Sir-Mix-A-Lot Awarded Attorney's Fees For Defeating Copyright Claim

Ford v. Ray, No. 15-0432 (W.D. Wash. Oct. 27, 2015).

After dismissing plaintiff's copyright claim and granting Sir-Mix-A-Lot attorneys fees under 17 USC 505, the Court awarded defendant $20,000 in fees.  The amount awarded was a reduction from the approximately $58,000 sought, based on partially redacted and duplicative time-sheets and avoiding putting the plaintiff in financial ruin.

October 27, 2015

Beyonce Dodges Copyright Claim In "XO" v "XOXO" Case

Lane v. Carter et al., No. 14-cv-6798 (SDNY filed 10/21/15) [Doc. 51].

Plaintiff's claim, alleging that he gave a copy of his song XOXO to one of Beyonce's background singers and that Beyonce infringed the song when she created the song XO, was dismissed pursuant to Rule 12(b)(6) and 8(a).  First, the Court found that although Plaintiff holds a copyright registration for the lyrics to XOXO, the registration excluded rights to the music which was the sole basis of the copyright claim.  Moreover, even though Plaintiff alleged that he was an exclusive licensee, he did not allege that hte licensor had a valdily registred copyright.  Accordingly, the claim was dismissed for lack of standing.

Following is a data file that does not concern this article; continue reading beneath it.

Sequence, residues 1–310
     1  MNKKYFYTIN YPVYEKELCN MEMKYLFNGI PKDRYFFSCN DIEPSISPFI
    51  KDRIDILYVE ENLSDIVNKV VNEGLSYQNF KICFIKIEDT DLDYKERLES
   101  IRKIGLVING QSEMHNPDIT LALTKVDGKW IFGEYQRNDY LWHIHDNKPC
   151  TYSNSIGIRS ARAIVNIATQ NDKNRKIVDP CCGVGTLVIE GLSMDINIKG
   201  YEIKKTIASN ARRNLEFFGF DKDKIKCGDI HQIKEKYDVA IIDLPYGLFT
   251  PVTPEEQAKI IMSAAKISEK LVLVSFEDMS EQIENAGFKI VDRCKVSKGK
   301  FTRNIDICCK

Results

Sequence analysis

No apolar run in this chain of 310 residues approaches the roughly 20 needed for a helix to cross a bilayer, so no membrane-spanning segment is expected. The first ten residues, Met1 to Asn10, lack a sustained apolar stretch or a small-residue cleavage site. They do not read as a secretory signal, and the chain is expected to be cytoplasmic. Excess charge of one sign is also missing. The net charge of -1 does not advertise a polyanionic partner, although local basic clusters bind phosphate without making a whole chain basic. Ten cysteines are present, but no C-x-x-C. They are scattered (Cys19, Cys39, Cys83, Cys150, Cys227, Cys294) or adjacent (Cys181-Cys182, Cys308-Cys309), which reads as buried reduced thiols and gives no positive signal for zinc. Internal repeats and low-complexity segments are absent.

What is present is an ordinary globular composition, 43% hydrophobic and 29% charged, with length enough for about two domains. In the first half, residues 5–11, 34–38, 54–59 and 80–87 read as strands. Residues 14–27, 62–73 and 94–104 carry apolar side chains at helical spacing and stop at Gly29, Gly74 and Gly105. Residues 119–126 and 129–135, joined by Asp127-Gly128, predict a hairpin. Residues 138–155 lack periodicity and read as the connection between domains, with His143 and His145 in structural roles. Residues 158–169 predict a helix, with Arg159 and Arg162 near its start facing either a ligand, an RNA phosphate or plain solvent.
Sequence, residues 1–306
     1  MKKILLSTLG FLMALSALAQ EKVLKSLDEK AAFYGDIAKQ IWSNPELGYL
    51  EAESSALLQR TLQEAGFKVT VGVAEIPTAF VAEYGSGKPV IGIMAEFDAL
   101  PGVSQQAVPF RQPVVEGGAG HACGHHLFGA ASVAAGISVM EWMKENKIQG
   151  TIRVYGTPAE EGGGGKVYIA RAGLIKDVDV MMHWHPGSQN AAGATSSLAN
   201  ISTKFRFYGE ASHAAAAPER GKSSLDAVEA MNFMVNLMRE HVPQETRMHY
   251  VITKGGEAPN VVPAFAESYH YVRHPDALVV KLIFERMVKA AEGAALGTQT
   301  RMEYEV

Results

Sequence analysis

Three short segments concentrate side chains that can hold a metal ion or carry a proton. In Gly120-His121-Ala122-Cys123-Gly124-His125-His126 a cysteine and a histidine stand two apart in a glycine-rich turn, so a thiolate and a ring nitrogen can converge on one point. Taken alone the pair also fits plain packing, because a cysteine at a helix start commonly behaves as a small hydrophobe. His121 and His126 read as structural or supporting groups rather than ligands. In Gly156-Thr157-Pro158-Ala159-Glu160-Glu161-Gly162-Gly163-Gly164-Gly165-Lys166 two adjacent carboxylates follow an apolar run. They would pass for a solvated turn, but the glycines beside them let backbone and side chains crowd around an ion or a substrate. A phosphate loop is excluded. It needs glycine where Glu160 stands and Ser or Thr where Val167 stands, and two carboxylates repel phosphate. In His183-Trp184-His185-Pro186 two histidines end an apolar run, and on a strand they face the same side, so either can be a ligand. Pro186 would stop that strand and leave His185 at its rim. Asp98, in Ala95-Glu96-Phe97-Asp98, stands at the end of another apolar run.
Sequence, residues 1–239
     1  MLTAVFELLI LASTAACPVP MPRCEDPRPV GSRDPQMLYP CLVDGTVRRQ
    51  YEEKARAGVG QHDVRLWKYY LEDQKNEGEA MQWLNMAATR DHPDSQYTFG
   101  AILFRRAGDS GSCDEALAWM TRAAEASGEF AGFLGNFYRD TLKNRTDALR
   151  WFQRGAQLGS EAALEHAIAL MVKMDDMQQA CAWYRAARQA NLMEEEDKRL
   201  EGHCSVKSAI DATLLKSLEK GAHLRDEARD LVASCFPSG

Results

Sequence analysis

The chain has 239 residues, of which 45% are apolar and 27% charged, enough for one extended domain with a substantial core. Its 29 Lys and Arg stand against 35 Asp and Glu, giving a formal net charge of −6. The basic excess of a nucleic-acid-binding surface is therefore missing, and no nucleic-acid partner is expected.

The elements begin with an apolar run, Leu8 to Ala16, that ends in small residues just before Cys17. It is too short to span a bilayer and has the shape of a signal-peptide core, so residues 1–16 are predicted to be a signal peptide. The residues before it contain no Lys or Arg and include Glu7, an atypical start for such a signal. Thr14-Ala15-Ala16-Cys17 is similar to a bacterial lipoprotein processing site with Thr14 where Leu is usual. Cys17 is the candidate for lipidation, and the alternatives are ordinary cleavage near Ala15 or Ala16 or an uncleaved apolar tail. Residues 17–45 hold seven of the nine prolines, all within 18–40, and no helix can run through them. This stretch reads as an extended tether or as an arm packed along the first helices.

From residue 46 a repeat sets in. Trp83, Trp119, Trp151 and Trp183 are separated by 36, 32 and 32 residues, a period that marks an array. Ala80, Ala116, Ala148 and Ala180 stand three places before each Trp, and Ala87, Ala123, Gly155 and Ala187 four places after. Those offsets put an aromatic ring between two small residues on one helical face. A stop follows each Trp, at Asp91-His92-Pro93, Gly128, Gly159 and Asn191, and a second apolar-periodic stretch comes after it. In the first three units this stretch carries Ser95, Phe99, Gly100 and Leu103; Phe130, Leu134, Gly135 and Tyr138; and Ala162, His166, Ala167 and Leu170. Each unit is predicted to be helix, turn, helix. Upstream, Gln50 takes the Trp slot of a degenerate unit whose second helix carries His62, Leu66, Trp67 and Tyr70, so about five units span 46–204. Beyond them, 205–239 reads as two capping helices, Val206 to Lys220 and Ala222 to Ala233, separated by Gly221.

Even though that was potentially curable on an amended pleading, the Court found then considered whether a copyright infringement claim was otherwise substantively viable.  The Court then underwent a "substantial similarity" analysis of: (1) "the beat" and the songs to determine whether the similarities between the two songs concern copyrightable parts of XOXO and whether a reasonable and properly instructed jury could conclude that there is substantial similarity.  The Court found that the use in both songs of "a common four-bar phrase" would not establish substantial similarity between them.  Additionally, comparing the songs holistically, the Court found that no reasonable jury could find the lyrics of XOXO substantially similar to XO.  Aside from thef act that both songs' lyrics use the letters X and O, "there is virtually nothing common to the two song's lyrics" (emphasis in original).  Moreover, the lryics of the two songs have no word in common, save ubiquitous words like "I," "you," your," "is," and "baby."  The themes were also different.  Next, as to the music, the Court listened to the two song and found litte, if anything, in common.  The Court, accordingly, dismissed the complaint with prejudice.